Tinel's sign

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Tinel's sign
Gray422.png
Transverse section across the wrist and digits. (The median nerve is the yellow dot near the center. The carpal tunnel is not labeled, but the circular structure surrounding the median nerve is visible.)
SpecialtyPlastic surgery
Differential diagnosisirritated nerves

Tinel's sign (also Hoffmann-Tinel sign) is a way to detect irritated nerves. It is performed by lightly tapping (percussing) over the nerve to elicit a sensation of tingling or "pins and needles" in the distribution of the nerve.[1][2] Percussion is usually performed moving distal to proximal.[2] It is named after Jules Tinel.[3][4][5]

It is a potential sign of carpal tunnel syndrome, cubital tunnel syndrome,[6] anterior tarsal tunnel syndrome[7][8] and symptomatic neuroma[9]

History[edit]

Tinel's sign takes its name from French neurologist Jules Tinel (1879–1952), who wrote about it in a journal article published in October 1915.[3][4][5] German neurologist Paul Hoffmann independently also published an article on the sign six months earlier, in March 1915.[10][11] Previously, in 1909, Trotter and Davies published their findings that sensations elicited distal to the point of nerve resection are referred to the area or point of nerve resection; however they "failed to comment on the clinical relevance of their observation."[11]

See also[edit]

References[edit]

  1. ^ Gujar, Bansari; Flores, Raymond H. (2015-01-01), Hochberg, Marc C.; Silman, Alan J.; Smolen, Josef S.; Weinblatt, Michael E. (eds.), "81 - Entrapment neuropathies and compartment syndromes", Rheumatology (Sixth Edition), Philadelphia: Content Repository Only!, pp. 671–682, ISBN 978-0-323-09138-1, retrieved 2020-10-29
  2. ^ a b Lim, Aymeric Y. T.; Sebastin, Sandeep J. (2012-01-01), Chung, Kevin C.; Yang, Lynda J. -S.; McGillicuddy, John E. (eds.), "CHAPTER 14 - Clinical examination and diagnosis", Practical Management of Pediatric and Adult Brachial Plexus Palsies, Philadelphia: W.B. Saunders, pp. 173–197, doi:10.1016/b978-1-4377-0575-1.00014-9, ISBN 978-1-4377-0575-1, retrieved 2020-10-29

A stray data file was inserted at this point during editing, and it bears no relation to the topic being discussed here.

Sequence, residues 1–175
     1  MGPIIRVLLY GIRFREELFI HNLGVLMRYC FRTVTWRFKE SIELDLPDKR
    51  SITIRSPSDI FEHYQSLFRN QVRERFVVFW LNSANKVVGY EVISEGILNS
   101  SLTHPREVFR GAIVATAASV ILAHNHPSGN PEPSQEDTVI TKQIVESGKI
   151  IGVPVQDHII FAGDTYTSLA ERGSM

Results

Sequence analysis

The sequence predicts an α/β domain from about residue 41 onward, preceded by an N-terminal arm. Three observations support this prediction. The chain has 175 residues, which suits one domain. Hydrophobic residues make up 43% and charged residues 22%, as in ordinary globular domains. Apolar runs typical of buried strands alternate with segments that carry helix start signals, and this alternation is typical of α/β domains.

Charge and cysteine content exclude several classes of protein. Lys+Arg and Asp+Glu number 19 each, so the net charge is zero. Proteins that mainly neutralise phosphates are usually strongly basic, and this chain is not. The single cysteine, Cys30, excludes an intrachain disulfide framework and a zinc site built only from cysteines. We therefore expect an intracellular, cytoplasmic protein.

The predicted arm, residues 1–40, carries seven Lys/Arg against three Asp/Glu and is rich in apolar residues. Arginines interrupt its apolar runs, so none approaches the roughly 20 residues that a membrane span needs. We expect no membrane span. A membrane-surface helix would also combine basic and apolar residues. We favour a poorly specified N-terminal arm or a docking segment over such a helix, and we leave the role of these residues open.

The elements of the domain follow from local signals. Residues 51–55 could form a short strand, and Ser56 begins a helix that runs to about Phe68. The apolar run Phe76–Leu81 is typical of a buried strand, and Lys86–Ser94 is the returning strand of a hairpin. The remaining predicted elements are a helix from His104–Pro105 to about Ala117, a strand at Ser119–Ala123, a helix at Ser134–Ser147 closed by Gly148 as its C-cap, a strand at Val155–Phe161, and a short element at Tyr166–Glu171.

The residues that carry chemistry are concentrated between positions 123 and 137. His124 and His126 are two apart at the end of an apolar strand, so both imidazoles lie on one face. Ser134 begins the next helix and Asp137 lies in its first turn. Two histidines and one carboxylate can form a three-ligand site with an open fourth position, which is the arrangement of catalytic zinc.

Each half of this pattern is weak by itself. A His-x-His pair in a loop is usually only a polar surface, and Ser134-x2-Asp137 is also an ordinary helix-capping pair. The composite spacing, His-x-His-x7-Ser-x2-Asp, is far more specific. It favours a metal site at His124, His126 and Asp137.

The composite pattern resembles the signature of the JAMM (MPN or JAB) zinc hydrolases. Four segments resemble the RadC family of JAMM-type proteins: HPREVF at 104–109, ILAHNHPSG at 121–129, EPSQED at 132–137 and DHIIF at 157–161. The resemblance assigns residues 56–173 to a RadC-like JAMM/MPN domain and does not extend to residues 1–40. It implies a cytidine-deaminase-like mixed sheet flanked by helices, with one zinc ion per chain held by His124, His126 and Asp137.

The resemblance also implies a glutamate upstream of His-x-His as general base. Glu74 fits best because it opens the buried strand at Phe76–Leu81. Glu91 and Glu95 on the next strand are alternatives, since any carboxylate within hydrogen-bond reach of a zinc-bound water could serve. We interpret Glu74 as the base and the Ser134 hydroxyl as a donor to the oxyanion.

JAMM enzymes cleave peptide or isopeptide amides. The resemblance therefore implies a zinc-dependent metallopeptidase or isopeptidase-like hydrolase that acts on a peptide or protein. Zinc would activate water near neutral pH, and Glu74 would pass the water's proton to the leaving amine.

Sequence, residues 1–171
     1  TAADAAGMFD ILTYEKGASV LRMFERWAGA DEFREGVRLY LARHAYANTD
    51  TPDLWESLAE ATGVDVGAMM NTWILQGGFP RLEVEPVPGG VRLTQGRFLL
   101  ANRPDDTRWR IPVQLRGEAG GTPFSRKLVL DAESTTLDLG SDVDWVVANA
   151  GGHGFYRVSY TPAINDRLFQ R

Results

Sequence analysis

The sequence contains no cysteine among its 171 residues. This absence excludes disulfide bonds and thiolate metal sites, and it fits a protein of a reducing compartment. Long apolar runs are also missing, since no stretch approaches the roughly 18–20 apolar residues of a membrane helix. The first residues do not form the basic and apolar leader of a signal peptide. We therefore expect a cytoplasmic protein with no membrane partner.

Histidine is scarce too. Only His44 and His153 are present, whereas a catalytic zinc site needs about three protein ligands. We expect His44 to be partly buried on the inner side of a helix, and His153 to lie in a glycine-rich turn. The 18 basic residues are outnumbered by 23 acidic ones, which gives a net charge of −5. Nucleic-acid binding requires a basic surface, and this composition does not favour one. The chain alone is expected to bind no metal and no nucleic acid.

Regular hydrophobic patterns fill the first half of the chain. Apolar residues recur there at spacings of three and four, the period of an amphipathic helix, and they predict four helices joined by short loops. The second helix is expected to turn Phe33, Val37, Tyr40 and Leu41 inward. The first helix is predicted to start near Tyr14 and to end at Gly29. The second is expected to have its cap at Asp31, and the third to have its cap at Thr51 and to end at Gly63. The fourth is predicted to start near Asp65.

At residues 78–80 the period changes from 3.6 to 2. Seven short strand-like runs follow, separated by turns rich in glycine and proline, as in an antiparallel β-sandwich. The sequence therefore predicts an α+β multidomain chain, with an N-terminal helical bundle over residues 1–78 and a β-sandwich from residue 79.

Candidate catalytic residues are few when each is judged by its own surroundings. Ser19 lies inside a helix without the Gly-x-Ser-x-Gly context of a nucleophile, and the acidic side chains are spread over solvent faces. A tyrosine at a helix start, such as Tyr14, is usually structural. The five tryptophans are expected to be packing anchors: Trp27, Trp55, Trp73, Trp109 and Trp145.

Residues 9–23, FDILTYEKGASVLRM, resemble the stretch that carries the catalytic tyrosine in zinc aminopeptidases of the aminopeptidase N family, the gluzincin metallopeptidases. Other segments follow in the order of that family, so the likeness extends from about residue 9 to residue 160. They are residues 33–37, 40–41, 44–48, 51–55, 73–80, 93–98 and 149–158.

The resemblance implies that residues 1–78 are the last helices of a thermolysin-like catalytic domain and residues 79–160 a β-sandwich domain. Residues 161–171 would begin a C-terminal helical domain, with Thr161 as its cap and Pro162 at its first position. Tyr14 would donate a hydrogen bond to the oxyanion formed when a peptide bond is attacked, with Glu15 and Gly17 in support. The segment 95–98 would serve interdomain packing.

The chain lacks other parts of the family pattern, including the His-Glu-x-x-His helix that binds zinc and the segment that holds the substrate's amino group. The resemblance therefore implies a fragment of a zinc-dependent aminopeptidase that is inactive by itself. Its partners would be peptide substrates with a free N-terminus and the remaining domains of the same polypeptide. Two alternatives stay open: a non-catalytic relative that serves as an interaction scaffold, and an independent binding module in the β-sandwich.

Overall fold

3. ^ a b Tinel, J. (1978) The "tingling sign" in peripheral nerve lesions (Translated by EB Kaplan). In: M. Spinner M (Ed.), Injuries to the Ma jor Branches of Peripheral Nerves of the Forearm. (2nd ed.) (pp 8–13). Philadelphia: WD Saunders Co
  4. ^ a b Tinel, J. (1915) Le signe du fourmillement dans les lésions des nerfs périphériques. Presse médicale, 47, 388–389
  5. ^ a b Tinel, J., Nerve wounds. London: Baillère, Tindall and Cox, 1917
  6. ^ Waldman, Steven D.; Campbell, Robert S. D., eds. (2011-01-01), "CHAPTER 114 - Cubital Tunnel Syndrome", Imaging of Pain, Philadelphia: W.B. Saunders: 289–290, doi:10.1016/b978-1-4377-0906-3.00114-0, ISBN 978-1-4377-0906-3, retrieved 2020-10-29
  7. ^ Waldman, Steven D.; Campbell, Robert S. D., eds. (2011-01-01), "CHAPTER 164 - Anterior Tarsal Tunnel Syndrome", Imaging of Pain, Philadelphia: W.B. Saunders: 421–423, doi:10.1016/b978-1-4377-0906-3.00164-4, ISBN 978-1-4377-0906-3, retrieved 2020-10-29
  8. ^ Stephen, David J. G.; Choy, Gregory W.; Fam, Adel G. (2010-01-01), Lawry, George V.; Kreder, Hans J.; Hawker, Gillian A.; Jerome, Dana (eds.), "The Ankle and Foot", Fam's Musculoskeletal Examination and Joint Injection Techniques (Second Edition), Philadelphia: Mosby, pp. 89–101, doi:10.1016/b978-0-323-06504-7.10007-7, ISBN 978-0-323-06504-7, retrieved 2020-10-29
  9. ^ Wolvetang, Nicolaas H. A.; Lans, Jonathan; Verhiel, Svenna H. W. L.; Notermans, Bo J. W.; Chen, Neal C.; Eberlin, Kyle R. (June 2019). "Surgery for Symptomatic Neuroma: Anatomic Distribution and Predictors of Secondary Surgery". Plastic and Reconstructive Surgery. 143 (6): 1762–1771. doi:10.1097/PRS.0000000000005664. ISSN 0032-1052. PMID 30907815.
  10. ^ Wartenberg, Robert (June 1951). "Babinski Reflex and Marie-foix Flexor Withdrawal Reflex: Historical Notes". AMA Archives of Neurology & Psychiatry. 55 (6): 713–716. doi:10.1001/archneurpsyc.1951.02320060056006. PMID 14829100. Retrieved January 24, 2021. The very same phenomenon, however, had been described by Paul Hoffmann in a German medical periodical in the issue of March 28 of the same year. The Germans, therefore, speak of the Hoffmann-Tinel sign.
  11. ^ a b Sansone, Jason M.; Gatzke, Angela M.; Aslinia, Florence; Rolak, Loren A.; Yale, Steven H. (March 2006). "Jules Tinel (1879-1952) and Paul Hoffmann (1884-1962)". Clinical Medicine & Research. 4 (1): 85–89. doi:10.3121/cmr.4.1.85. PMC 1435662. PMID 16718952. Dr. Paul Hoffmann described the sign in March of 1915 in On a Method of Evaluating the Success of a Nerve Suture. Several months later in October 1915, Dr. Jules Tinel published his work on the sign in The Sign of Tingling in Lesions of Peripheral Nerves.

External links[edit]

Classification
External resources